The economy created 155,000 jobs last month and maintained its 7.8 percent unemployment level, despite the drum-beating and nervousness about whether the government would act at December's end on the fiscal cliff.
The numbers are not evidence of extraordinary performance, or a sign of impending collapse. They weren't bad, but they also weren't good in terms of long-term recovery. The figures could have been better if the White House and Congress, Democrats and Republicans, hadn't been fiddling with critical pieces of the financial situation past New Year's Eve. In doubt throughout the month were taxation rates, potential major cuts to government spending and even, through the debt ceiling argument, the government's ability to pay its bills, borrow and prevent its credit rating from being downgraded.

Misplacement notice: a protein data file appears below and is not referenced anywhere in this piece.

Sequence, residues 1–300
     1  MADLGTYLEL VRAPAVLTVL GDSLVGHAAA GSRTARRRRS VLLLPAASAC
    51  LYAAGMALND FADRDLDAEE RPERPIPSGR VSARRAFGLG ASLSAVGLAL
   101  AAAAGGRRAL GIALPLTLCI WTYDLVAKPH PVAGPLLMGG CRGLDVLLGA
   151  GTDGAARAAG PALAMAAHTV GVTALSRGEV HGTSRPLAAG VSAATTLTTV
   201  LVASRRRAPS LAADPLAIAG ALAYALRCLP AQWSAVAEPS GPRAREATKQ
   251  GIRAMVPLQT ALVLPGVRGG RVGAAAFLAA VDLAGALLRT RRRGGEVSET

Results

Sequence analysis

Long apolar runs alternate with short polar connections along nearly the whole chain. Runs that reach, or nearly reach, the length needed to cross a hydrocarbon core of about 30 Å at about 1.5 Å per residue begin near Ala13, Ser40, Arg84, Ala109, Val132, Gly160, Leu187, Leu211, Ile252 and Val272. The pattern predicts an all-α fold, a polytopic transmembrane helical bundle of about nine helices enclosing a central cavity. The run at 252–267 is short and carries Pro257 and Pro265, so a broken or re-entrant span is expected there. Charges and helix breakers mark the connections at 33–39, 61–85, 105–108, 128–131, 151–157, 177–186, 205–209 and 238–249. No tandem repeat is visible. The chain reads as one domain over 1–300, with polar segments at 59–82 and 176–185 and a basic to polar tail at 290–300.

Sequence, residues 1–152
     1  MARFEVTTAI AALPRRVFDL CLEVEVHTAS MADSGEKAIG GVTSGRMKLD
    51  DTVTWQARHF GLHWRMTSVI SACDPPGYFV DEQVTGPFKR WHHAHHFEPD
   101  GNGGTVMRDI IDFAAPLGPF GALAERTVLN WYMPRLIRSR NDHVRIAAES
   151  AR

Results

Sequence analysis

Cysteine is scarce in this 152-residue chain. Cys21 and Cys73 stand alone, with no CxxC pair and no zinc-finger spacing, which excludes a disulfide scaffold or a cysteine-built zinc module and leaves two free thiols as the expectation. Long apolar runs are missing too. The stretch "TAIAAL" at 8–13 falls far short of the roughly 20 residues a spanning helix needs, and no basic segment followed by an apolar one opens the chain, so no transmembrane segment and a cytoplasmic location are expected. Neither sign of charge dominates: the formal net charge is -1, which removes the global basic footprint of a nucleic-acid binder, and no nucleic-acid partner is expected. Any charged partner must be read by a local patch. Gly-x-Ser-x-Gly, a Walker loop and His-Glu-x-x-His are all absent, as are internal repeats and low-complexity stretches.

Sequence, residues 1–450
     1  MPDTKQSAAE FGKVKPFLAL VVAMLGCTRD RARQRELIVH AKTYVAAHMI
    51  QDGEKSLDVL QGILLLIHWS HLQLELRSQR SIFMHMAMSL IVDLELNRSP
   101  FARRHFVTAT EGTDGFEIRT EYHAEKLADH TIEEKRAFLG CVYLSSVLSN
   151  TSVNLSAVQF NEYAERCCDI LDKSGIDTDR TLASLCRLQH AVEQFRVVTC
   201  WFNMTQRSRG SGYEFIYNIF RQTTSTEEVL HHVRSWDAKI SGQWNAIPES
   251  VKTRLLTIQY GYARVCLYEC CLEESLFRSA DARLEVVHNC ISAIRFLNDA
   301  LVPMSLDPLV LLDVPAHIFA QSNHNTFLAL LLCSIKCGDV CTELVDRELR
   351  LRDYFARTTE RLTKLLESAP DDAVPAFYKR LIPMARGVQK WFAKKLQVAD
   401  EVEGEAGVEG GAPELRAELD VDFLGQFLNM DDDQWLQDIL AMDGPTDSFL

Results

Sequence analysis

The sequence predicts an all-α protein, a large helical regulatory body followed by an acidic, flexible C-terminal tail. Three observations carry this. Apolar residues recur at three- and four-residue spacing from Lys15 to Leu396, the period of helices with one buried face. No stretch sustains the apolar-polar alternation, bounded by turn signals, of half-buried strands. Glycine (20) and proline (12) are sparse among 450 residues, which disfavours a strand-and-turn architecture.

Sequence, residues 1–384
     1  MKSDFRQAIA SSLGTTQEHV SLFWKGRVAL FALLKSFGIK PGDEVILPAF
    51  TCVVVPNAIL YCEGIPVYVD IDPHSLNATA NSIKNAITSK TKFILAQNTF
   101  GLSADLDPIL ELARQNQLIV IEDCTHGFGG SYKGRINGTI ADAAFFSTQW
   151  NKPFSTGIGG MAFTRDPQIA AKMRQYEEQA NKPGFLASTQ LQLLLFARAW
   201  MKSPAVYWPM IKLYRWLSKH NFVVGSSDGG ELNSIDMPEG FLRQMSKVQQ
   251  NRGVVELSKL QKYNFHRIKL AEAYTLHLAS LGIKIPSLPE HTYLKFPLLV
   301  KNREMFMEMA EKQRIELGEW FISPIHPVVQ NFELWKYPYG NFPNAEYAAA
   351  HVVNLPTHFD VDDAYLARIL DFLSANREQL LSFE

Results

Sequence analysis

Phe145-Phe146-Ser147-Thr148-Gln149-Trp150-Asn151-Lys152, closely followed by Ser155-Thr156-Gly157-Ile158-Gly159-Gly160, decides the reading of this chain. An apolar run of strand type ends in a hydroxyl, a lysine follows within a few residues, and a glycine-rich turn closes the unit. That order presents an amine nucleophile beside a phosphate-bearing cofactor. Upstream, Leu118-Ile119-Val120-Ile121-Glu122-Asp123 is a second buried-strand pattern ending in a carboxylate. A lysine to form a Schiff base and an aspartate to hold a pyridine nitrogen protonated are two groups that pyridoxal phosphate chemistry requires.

The jobs report by the Bureau of Labor Statistics could be called modestly good news. Better news was the auto industry's report that new vehicle sales were up in December by 9 percent and were the best annual sales in five years, up 13 percent over 2011. President Barack Obama had campaigned heavily on the wisdom of his rescue of that industry, as opposed to Republican nominee Mitt Romney's relative indifference to its plight in spite of his family and regional background.
Looking ahead, Washington revealed in its partial decision-making at the turn of the year that it intends more political and financial hijinks over the next few months. Potential major automatic budget cuts -- the sequester -- loom again before March, having only been postponed, not resolved, so far. Republicans have signalled an intention to make an issue again of raising the authorized national debt level. Mr. Obama has said he won't negotiate on that question again, citing the damage that the political wrangling wreaked the last time.
Fortunately, based on December's evidence, it may be that the economy's ability to continue to create jobs, albeit slowly, may not depend on what takes place in the Washington political clown show.